Debt Collection Agency Denmark
Amicable Debt Collection Denmark
1. General information
Cosmopolite Collections maintain a professional collection process, focusing on the relationships between our clients and their debtors at all times.
Our team of collection specialists carry out the collection process in-house, contacting debtors both verbally and in writing whilst adhering to all appropriate laws and legal requirements.
When there is a dispute, we aim to reach an amicable solution between the creditor and the debtor. We do this by analysing all contractual documents (e.g. signed contracts, orders, confirmations, invoices and delivery notes, as well as standard terms previously agreed upon). All investigations are completed with the assistance and agreement of our legal team.
1.2. Local agents
We offer a field service for visiting debtors in Denmark (except for Bornholm). The purpose is to collect monies, negotiate settlements, get an acknowledgement of debt and gather information about the debtor’s financial situation, residence and place of business.
Our client will receive a report with all the information about the visit and a recommendation on the next step for their case. The price for visiting debtors in Denmark is DKK 850–DKK 1,250.
Cosmopolite Collections always charge interest to debtors, according to the Act of Consolidated Law on Interest on Overdue Payment 743 of 4th September 2002.
There are two alternatives:
- To calculate the interest rate as agreed between the creditor and the debtor
- To calculate the interest rate according to Danish regulations, based on the reference rate fixed by the National Bank of Denmark (plus 8% per year).
This rate is fixed twice a year on 1st January and 1st July. The second alternative will always occur if the interest rate is not agreed between the creditor and the debtor.
From a cultural point of view, Danish debtors are used to paying late payment interest fees.
1.4. Debt collection costs Denmark
In Denmark, debt collection costs are chargeable to debtors, representing the creditor’s claim for late payment based on the Act of Consolidated Law Extrajudicial Collection Costs 601 of 12th July 2002.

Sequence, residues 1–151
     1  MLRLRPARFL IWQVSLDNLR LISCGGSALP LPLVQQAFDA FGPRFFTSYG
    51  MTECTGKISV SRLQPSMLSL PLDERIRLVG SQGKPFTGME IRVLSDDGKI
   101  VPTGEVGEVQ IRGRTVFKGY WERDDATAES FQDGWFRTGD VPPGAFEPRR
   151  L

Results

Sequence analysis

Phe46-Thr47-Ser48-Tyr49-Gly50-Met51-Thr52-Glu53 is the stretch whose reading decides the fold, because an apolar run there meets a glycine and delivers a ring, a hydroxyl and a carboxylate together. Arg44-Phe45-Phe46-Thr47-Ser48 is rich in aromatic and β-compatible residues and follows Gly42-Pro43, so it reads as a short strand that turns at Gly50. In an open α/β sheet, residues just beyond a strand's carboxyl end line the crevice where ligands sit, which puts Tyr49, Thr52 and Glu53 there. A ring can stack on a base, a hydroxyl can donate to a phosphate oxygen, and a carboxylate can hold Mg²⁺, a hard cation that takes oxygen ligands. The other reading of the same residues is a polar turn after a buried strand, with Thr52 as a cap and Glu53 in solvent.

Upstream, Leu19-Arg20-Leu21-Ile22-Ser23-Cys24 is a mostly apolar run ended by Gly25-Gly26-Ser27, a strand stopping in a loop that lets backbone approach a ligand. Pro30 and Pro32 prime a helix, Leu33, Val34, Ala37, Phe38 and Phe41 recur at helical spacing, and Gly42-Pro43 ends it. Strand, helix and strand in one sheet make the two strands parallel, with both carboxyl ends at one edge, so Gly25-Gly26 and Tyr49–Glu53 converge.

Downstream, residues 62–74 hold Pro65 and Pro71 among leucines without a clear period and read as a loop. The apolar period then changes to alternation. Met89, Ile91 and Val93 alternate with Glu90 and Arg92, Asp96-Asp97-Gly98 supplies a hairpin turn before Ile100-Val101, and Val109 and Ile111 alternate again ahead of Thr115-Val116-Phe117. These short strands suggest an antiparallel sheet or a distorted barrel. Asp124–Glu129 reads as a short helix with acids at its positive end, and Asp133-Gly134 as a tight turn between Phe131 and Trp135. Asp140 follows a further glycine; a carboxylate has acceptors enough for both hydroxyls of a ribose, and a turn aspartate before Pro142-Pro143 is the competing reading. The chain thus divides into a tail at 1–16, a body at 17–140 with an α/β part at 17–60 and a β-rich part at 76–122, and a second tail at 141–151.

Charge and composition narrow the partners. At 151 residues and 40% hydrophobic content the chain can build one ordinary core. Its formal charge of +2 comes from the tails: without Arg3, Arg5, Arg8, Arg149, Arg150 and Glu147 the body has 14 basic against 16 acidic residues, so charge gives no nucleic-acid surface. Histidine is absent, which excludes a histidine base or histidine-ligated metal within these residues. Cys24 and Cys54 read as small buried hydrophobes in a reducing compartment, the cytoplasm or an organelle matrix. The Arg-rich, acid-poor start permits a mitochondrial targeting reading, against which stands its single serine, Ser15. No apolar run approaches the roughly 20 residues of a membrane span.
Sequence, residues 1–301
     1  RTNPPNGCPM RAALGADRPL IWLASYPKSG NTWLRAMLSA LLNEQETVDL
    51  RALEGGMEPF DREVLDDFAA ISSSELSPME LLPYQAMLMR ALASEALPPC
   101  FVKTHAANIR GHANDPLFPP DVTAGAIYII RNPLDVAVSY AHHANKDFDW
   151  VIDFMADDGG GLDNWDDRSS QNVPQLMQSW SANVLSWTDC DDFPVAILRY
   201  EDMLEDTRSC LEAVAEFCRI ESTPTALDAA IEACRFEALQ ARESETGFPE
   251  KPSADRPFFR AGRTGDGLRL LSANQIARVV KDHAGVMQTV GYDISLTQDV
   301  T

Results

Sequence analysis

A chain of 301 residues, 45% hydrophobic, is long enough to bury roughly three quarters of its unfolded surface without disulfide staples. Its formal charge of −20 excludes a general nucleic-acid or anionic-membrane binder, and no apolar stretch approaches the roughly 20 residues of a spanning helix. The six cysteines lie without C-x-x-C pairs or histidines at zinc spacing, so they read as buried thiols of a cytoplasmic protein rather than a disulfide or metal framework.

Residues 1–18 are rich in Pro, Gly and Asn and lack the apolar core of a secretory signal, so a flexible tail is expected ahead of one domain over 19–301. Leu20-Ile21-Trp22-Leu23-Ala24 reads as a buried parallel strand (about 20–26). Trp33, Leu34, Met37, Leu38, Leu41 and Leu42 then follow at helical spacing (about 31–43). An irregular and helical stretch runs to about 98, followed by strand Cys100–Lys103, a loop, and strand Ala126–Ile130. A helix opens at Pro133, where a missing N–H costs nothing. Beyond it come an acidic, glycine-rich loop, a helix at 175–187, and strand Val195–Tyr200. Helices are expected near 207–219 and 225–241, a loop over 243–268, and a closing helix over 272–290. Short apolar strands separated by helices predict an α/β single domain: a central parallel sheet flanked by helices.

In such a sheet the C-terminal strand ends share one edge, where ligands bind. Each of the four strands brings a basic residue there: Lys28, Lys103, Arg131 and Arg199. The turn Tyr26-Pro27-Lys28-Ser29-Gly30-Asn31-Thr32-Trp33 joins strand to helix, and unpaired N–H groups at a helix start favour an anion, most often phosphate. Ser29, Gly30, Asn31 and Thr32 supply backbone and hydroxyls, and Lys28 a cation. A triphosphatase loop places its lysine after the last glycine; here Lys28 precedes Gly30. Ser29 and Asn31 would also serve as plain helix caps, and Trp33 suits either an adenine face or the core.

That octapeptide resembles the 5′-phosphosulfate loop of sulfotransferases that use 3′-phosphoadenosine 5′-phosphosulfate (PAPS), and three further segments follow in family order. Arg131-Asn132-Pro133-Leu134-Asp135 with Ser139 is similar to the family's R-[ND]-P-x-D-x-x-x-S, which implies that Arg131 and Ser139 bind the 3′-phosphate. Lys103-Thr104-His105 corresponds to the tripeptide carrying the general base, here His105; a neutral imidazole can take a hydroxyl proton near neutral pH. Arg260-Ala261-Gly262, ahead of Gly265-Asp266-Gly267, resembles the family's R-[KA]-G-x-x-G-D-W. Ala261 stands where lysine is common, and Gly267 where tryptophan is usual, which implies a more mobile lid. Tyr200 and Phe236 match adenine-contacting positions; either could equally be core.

From a cultural point of view, Danish debtors are used to paying debt collection costs. Cosmopolite Collections either pass all recovered debt collection costs to our client to reduce their claim or add them to the success fees, depending on the contractual agreement between the client and Cosmopolite Collections.
The general prescription period in Denmark is three years starting from the due date of an invoice. Transport claims prescribe within one year starting from the delivery according to the CMR Convention of Geneva.
The limitation period is suspended or recommenced according to Law number 522 of 6th June 2007 if:
- Negotiations between the obligor and the obligee are in progress in respect of a claim or circumstances giving rise to the claim, and one party or the other refuses to continue the negotiations
- A right to refuse performance occurs
- There is a force majeure
- The obligor acknowledges the claim towards the obligee by partial payment, payment of interest, the provision of security or in any other way A judicial or official act of execution is undertaken or applied for.
1.6. Accepted and most common payment methods
The most common payment methods are bank transfers and cheque payments. Cosmopolite Collections do not offer the direct booking off of payments from the debtor’s accounts, unless it is done through our Danish lawyers.
1.7. Types of companies
- Enkeltmandsvirksomhed (Sole trader / sole proprietorship)
Unlimited liability of the owner with business and private funds In order to pursue such debtors, we must have both the first names and surname of the debtor.
- Interessentskab (Partnership)
Unlimited liability of owners with their business and private funds In order to pursue such debtors, we must have both the first names and surname of the debtor.
- Anpartselskab ApS (Private limited company) (Limited liability)
A minimum capital of DKK 50,000 divided into shares Liability is limited to company capital.
- Aktieselskab A/S (Joint-stock company) (Limited liability)
A minimum capital of DKK 500,000 divided into shares Liability is limited to company capital.
1.8. Sources of information
In Denmark, Cosmopolite Collections contact credit-reporting agencies to assess the financial situation of the debtor, including real estate and other enforceable assets.